The Deuce: A Street Decapitated

Despite the no-walk sign, Tony stepped out in front of oncoming traffic. “Gotta cut that light by a second” he said, weaving among the passing cars with long strides. “You just gotta do it sometimes, you know?” (Photo by Jack DeAngelis)

by Jack DeAngelis

“This is a historic street, you know,” said Jamie.

I do know. The Hippodrome Theater was famous for attracting crowds and celebrated musicians. And the old speakeasy next door was one of the only places to buy alcohol during the prohibition era.

But that’s not what Jamie meant. Instead of highlighting the classic attractions, he pointed to an abandoned building on the corner. “Over there—that used to be a Chinese place. And this Bond building has been here forever.”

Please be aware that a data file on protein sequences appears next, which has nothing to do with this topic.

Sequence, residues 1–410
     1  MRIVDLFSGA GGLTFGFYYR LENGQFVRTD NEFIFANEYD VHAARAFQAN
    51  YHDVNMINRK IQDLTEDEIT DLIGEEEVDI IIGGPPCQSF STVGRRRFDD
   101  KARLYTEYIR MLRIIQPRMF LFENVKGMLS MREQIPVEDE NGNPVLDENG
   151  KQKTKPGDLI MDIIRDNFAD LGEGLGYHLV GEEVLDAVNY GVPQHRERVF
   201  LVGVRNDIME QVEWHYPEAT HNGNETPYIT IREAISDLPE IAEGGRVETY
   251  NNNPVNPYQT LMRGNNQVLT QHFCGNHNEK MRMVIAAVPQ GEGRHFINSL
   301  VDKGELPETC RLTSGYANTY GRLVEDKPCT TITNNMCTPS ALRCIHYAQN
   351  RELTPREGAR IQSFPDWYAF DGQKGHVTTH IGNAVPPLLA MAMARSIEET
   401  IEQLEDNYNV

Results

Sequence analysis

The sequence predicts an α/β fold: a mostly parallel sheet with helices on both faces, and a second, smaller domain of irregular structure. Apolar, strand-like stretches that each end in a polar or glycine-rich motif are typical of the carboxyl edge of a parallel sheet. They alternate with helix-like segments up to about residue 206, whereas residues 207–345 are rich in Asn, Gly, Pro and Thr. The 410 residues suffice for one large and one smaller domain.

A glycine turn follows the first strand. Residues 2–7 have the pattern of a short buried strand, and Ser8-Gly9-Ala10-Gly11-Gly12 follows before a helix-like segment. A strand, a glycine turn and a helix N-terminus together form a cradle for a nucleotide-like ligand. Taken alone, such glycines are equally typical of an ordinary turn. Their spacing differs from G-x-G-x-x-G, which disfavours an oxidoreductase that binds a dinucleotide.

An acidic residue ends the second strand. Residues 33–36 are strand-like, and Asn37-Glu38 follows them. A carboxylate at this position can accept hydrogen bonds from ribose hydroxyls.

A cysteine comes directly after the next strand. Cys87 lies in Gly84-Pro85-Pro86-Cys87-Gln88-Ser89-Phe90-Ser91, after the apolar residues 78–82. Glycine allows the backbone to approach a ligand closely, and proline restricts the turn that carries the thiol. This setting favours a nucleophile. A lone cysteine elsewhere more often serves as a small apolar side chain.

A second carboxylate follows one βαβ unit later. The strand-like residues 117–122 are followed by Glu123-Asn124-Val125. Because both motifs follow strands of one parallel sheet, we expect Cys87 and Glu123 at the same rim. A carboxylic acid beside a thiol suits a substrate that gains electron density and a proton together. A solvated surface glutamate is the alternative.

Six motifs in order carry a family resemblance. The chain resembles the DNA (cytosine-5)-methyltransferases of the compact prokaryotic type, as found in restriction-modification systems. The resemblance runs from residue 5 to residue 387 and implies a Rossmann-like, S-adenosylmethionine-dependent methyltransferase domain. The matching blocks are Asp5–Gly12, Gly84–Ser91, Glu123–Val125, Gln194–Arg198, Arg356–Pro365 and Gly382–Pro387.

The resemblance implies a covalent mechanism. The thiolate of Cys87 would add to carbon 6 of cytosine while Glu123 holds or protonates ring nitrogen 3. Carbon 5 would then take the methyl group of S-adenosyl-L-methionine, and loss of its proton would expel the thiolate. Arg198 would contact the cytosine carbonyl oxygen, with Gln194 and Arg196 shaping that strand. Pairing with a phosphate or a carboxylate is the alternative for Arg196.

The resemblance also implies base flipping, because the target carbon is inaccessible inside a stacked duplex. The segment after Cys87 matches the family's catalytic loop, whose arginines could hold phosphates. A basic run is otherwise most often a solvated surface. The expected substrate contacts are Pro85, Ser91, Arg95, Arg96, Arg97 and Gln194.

When Jamie was a child, his mother was a waitress at a restaurant on 2nd Street in Jackson Ward. To him, the street is historic because it is where he grew up. The Hippodrome may be a cultural centerpiece of the neighborhood, but the local residences and workers are the ones that really inject life into the community. People like Jamie are not flashy like Ella Fitzgerald or Duke Ellington, but they are the people that make up the community.

Second Street comes to an abrupt end less than half a mile north of Broad Street. The Richmond-Petersburg Turnpike section of I-95 suddenly blazes through the neighborhood, cutting the street off short. On the other side of the highway, 2nd Street technically continues through Gilpin Court, but the continuity of Jackson Ward’s backbone is destroyed. Today, most Jackson Ward residents will say that 2nd Street ends at the highway.

The other side of 2nd Street, one intimately bound to Jamie’s Jackson Ward, is nearly always forgotten.

To walk the Deuce, click the map below:

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